Trial Begins for Chinese Official Who Launched Scandal
The trial of Wang Lijun, the former police chief of Chongqing and right hand man to disgraced Politburo member and Chongqing Party chief Bo Xilai, began in secret on Monday, according to reports.
Wang Yuncai, Wang Lijun’s lawyer (and no relation) told The Daily Telegraph that the trial began at 8:30 a.m. and ended at noon.
“The trial has two parts, private and public,” she said, according to the Telegraph. “Today is the private part because it involves state secrets—it was about the two charges of defection and bending the law for his own ends.” Wang Yuncai is the director of the Beijing L&A law firm in Shenyang, a city in the northeast.
The official start date for the trial is actually Tuesday. Though it was supposed to be an open trial, all seats happened to be reserved immediately with the announcement.
Public security forces on Monday had surrounded the People’s Intermediate Courthouse in Chengdu, where the trial is scheduled to be held. According to the Telegraph, a local official denied the trial had actually started.
A journalist with the newspaper said he was quickly surrounded by public security officers wielding video cameras and radios, filming him in case of “potential accidents,” he wrote after the incident on Twitter.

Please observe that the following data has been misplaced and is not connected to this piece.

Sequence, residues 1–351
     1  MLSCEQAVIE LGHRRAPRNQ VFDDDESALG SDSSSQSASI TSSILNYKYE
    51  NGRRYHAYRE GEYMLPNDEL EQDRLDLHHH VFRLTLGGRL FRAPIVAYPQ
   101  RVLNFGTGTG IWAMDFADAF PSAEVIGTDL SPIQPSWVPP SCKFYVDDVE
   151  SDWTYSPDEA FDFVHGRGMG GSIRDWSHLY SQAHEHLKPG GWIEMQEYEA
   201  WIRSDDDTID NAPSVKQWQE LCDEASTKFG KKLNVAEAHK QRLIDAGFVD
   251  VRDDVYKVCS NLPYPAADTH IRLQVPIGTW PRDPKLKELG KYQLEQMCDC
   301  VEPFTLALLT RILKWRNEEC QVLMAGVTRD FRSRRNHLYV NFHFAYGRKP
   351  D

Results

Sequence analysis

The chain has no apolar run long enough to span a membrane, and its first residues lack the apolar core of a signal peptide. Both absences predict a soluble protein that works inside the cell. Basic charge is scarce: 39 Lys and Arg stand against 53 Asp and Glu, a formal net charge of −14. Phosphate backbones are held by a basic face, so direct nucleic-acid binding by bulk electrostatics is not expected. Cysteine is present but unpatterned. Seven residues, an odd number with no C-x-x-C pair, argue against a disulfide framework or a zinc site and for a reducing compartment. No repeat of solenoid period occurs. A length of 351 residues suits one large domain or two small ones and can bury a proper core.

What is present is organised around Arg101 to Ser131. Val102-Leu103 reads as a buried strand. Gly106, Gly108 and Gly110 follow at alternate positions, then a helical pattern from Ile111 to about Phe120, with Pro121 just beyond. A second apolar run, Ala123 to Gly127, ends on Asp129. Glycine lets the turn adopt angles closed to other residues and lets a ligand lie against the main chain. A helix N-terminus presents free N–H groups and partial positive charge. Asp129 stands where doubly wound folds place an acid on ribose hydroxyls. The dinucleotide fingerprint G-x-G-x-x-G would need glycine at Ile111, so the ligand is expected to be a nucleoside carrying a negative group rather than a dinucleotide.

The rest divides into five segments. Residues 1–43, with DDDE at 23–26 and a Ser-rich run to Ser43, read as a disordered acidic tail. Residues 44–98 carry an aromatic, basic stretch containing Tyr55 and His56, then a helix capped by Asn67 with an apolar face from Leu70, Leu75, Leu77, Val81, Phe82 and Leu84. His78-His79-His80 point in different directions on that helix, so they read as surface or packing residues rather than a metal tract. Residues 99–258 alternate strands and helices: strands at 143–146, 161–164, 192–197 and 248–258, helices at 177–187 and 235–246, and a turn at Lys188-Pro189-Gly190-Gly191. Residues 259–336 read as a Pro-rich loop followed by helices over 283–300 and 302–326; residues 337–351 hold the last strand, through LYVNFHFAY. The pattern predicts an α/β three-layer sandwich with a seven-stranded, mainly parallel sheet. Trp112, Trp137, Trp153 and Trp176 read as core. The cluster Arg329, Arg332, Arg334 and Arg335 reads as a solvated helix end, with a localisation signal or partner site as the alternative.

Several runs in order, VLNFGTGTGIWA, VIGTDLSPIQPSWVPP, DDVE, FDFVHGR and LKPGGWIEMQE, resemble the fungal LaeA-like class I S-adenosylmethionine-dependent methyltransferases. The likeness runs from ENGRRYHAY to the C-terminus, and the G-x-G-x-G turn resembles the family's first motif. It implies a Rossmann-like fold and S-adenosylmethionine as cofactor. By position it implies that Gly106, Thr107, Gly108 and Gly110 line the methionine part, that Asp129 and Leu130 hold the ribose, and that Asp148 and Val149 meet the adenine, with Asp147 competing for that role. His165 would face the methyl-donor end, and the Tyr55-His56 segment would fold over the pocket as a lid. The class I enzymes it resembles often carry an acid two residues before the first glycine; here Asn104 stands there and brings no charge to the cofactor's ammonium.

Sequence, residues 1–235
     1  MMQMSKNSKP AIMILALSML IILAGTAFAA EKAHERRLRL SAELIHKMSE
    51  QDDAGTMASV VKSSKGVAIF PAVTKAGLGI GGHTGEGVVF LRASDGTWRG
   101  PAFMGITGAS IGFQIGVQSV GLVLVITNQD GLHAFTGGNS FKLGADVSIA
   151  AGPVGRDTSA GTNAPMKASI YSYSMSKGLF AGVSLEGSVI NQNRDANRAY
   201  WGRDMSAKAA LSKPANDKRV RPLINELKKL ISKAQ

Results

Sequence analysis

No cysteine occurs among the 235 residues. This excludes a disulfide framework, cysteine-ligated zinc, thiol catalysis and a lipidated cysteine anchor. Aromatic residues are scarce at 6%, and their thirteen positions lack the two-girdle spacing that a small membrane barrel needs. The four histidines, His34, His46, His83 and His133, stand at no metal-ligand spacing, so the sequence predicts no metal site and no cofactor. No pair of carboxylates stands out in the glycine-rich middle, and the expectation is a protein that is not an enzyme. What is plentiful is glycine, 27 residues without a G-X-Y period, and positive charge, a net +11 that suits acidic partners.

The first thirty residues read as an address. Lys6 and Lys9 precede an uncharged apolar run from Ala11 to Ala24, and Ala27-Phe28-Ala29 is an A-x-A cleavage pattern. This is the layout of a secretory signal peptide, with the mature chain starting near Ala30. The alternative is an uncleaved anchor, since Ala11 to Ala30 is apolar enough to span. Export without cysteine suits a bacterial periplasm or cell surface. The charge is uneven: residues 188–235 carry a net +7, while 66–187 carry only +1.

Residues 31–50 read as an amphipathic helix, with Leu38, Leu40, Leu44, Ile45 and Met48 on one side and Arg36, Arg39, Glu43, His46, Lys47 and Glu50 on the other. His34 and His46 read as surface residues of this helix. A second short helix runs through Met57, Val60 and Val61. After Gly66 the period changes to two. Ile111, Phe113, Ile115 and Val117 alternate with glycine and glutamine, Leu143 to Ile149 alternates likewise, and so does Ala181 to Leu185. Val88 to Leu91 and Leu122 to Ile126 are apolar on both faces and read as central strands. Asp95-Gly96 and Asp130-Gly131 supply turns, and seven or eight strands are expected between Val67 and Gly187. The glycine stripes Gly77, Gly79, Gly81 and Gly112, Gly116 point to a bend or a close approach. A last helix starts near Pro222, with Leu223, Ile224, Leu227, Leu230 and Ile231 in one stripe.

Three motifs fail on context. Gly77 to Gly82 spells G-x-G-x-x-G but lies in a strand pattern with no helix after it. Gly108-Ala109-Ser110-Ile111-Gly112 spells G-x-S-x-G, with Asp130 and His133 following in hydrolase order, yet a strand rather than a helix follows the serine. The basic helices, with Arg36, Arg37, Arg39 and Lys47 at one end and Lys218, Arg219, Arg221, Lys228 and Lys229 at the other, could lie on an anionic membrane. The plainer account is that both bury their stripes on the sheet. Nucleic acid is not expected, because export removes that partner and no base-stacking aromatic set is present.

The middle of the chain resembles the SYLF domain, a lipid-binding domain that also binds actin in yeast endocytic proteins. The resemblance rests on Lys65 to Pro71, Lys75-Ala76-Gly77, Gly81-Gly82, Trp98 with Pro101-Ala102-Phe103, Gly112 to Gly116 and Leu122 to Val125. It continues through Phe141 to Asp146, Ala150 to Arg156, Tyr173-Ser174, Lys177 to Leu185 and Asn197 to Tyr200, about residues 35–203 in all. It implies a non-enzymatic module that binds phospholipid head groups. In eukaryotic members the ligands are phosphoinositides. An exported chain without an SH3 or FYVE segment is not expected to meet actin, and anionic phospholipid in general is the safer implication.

Wang Lijun started a major political scandal in China after he attempted to defect to the U.S. Consulate in Chengdu in February. Wang Lijun is believed to have revealed first to U.S. Consulate officials and then to Party officials: the details concerning the murder of British businessman Neil Heywood by Bo Xilai’s wife, Gu Kailai; other crimes by Bo and Gu, including their involvement in forced, live organ harvesting; and a plot by Bo and domestic security czar Zhou Yongkang to take power from the presumptive next head of the Chinese Communist Party, Xi Jinping, after he assumes leadership.
Soon after Wang’s attempted defection, his boss, Bo Xilai, was stripped of his Party posts, and Gu Kailai was arrested, among other changes. The incident brought into the open factional infighting in the CCP that is currently focused on how Bo Xilai’s case should be handled, even as the Party’s biggest leadership changeover in a decade is scheduled for this fall.
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Editor’s Note: When Chongqing’s former top cop, Wang Lijun, fled for his life to the U.S. Consulate in Chengdu on Feb. 6, he set in motion a political storm that has not subsided. The battle behind the scenes turns on what stance officials take toward the persecution of Falun Gong. The faction with bloody hands—the officials former CCP head Jiang Zemin promoted in order to carry out the persecution—is seeking to avoid accountability for their crimes and to continue the campaign. Other officials are refusing any longer to participate in the persecution. Events present a clear choice to the officials and citizens of China, as well as people around the world: either support or oppose the persecution of Falun Gong. History will record the choice each person makes.